Published 30 January 2020
Climate change is here, and it is now. Of all developed countries across the globe, Australia is probably the most vulnerable to the consequences. One of the leading climate change-related health hazards for Australians is the effect of extreme heat. In the short-term, the legacy of human activities to date have set an inevitable trajectory for our climate. Every year, new temperature records are being set, and by the year 2030, days with peak temperatures that were previously considered “extreme” in the 1970s will be the new “normal”. Mitigating the health effects of extreme heat has now been declared “the public health challenge for the 21st century,” leading to numerous medical associations, including most recently the Australian Medical Association, to formally recognise heat as a leading component of the health emergency that climate change poses to humans.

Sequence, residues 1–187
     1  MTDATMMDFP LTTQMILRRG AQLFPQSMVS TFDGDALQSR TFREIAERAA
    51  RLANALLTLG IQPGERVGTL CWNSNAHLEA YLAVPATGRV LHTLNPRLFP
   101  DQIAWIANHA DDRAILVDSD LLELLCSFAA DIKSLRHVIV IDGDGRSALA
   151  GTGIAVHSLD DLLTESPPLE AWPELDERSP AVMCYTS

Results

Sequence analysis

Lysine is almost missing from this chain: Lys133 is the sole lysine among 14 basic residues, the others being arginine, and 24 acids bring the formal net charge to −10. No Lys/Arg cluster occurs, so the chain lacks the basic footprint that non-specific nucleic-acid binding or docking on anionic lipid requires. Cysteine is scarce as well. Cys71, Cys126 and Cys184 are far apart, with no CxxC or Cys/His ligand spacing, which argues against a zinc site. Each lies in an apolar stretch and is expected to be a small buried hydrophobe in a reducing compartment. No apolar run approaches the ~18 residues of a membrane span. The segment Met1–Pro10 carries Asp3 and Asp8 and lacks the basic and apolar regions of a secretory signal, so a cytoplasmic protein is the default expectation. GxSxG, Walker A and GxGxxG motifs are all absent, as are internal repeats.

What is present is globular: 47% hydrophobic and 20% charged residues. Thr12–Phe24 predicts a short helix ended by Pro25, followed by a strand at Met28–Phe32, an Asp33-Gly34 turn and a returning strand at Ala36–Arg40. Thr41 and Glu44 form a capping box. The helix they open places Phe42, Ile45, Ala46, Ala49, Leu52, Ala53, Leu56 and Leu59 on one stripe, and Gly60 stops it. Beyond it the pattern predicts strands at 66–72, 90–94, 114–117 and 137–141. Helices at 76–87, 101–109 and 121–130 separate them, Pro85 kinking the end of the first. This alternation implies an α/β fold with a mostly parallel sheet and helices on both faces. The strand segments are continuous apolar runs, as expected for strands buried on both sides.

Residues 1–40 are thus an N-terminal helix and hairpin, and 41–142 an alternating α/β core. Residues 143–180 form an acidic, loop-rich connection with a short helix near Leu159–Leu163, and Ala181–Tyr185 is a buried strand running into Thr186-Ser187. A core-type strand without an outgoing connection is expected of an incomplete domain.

In response to this threat, public health bodies over the last decade have implemented heat-health action plans that aim to provide the public with information to reduce their personal heat stress risk. While there is some evidence to support the efficacy of these heat-health action plans, several major limitations typically remain:
- The health impacts of hot temperatures can potentially be modified by factors such as wind speed, humidity, and solar radiation exposure.
- The health impacts of hot weather are not yet individualised in a manner that accounts for factors such as age, medication, co-morbidities and social factors
- Many recommendations to mitigate the health effects of hot weather are not grounded in scientific evidence.
- Policy responses to heat stress remain primarily focused on the individual, while global research illustrates the need to emphasise community resources, such as accessible cooling centres and viable transport, for the most vulnerable.
Our Neighbourhood Heat Stress Response Project aims to address these shortcomings by developing and implementing a simplified extreme heat-health policy that delivers evidence-based heat-health advice based on on-going experimental studies to the wider community through a variety of platforms, including an interactive smartphone-based app and a public messaging campaign.
This project is in partnership with Resilient Sydney at the City of Sydney and the Research Hub on Human Health and Social Impacts of Climate Change at the University of Sydney.